With his announcement in the Rose Garden this morning that an emergency declaration to build a wall on the southern is “a great thing to do,” President Donald Trump has initiated a fresh struggle over American immigration policy. Trump himself predicted that his move would be litigated all the way up to the Supreme Court. He expressed confidence that his decision would be upheld as vital to national security in order to stop an “invasion of drugs and people.”
How justified is Trump’s action? At bottom, the U.S. Congress is a failed institution. Its most basic function is to raise and allocate revenue, but Congress is now notoriously incapable of passing a budget, and even passing continuing resolutions just to keep the government open is often more than the modern House and Senate can muster. The president is not at fault—not, constitutionally speaking, unless he vetoes spending legislation. Whatever this or any other president wants from Congress, the legislature itself has certain responsibilities that it simply fails to meet. If it cannot handle appropriations, then its own raison d’etre, no wonder it can’t handle national security or immigration policy. And so the president is performing an end run around Capitol Hill to build his wall.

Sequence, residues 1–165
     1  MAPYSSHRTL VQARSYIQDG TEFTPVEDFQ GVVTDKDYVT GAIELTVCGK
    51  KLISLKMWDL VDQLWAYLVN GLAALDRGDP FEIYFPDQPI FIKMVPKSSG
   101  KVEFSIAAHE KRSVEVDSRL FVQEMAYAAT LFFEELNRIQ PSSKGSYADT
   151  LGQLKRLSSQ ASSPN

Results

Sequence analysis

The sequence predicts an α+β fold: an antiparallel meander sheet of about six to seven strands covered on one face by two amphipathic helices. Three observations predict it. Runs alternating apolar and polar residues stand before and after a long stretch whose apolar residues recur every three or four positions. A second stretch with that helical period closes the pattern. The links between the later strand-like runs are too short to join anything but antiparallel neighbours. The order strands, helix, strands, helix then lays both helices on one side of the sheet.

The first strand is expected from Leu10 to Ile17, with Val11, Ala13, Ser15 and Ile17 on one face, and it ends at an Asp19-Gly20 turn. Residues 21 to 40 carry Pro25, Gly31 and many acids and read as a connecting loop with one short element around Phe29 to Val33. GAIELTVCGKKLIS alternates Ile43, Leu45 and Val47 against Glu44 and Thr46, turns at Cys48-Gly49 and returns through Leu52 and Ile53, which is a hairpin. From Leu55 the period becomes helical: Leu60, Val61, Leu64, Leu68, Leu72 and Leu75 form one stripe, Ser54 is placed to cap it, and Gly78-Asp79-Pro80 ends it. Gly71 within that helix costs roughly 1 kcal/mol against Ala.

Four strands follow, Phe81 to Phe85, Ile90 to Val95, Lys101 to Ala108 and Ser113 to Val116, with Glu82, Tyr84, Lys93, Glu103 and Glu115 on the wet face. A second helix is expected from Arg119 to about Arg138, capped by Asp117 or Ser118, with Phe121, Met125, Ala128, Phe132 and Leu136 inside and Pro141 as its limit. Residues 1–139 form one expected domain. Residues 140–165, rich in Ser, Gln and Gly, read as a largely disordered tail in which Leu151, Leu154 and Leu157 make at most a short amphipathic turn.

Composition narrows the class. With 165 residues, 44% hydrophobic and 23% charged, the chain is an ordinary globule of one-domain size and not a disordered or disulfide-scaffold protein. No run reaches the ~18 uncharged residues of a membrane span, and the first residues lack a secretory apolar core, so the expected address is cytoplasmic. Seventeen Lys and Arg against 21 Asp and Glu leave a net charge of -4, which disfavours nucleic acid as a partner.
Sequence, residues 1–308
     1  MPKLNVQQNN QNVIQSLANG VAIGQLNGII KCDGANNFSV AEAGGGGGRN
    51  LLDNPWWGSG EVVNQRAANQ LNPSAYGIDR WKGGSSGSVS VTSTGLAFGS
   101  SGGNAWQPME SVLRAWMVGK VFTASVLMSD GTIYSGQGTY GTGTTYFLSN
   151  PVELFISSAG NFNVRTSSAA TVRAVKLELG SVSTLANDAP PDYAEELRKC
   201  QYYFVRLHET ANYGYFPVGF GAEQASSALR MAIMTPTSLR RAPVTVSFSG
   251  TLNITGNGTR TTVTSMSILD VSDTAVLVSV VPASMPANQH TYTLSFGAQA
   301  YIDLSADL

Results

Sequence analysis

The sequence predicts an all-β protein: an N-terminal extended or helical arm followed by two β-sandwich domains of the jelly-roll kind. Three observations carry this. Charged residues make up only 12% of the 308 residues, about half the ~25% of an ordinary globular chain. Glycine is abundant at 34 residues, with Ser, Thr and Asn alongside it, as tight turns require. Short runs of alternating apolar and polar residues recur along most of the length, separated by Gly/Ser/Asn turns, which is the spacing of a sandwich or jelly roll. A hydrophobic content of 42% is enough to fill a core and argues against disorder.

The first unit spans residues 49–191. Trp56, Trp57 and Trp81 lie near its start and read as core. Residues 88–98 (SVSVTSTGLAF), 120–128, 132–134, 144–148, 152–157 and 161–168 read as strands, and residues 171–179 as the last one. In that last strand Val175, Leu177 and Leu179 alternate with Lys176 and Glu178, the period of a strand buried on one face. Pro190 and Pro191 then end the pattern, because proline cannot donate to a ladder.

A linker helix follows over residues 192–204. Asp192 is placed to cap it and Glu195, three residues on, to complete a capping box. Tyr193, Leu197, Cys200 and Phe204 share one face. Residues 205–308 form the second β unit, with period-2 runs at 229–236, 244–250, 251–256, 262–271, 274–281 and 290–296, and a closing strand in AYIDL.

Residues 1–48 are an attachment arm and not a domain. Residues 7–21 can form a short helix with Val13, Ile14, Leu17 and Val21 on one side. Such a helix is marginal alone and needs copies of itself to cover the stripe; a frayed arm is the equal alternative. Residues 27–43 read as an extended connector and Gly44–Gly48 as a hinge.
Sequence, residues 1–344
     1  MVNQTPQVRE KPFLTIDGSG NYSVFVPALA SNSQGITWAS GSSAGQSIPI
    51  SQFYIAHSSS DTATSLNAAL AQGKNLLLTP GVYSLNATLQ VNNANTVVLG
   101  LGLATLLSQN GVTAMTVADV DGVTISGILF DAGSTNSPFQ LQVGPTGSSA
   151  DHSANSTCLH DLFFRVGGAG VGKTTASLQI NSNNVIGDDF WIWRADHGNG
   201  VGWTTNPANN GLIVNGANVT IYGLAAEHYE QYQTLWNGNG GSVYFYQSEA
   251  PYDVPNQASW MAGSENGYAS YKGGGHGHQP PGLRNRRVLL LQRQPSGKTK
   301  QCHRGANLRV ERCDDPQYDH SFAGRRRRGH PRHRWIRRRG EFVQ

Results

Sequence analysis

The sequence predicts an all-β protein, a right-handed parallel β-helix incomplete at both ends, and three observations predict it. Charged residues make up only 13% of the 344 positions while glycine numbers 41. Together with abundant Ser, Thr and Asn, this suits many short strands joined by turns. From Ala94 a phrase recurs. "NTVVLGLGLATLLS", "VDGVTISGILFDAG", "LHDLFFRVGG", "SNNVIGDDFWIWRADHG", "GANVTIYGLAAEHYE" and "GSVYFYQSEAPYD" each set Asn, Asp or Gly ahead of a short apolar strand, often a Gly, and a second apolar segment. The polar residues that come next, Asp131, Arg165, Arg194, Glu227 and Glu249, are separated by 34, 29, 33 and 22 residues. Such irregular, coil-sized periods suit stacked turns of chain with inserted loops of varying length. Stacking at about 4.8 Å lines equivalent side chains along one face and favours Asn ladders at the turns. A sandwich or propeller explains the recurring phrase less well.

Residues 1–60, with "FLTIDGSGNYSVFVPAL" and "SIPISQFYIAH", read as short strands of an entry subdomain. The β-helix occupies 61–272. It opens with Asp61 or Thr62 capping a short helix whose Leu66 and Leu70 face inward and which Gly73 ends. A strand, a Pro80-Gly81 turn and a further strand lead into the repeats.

The president can do that because Congress, over decades, has given the executive branch wide discretionary emergency powers. Now that Trump has declared an emergency, the Democratic-controlled House of Representatives will likely vote to declare the emergency over, which will trigger an automatic vote in the Republican-controlled Senate. As of now, a half-dozen or so Republican Senators are talking tough about refusing to go along with Trump’s emergency declaration. But will they really vote with the Democrats instead? Maybe they will find safety in numbers, if they collectively defy not only their party’s president but the GOP’s voters as well. It may prove to be a risky vote, however, with very little practical consequence. Unless the Senate passes cancellation legislation with a veto-proof majority, Trump will still get to employ his emergency powers. Then the challenge to the emergency declaration will go to the courts.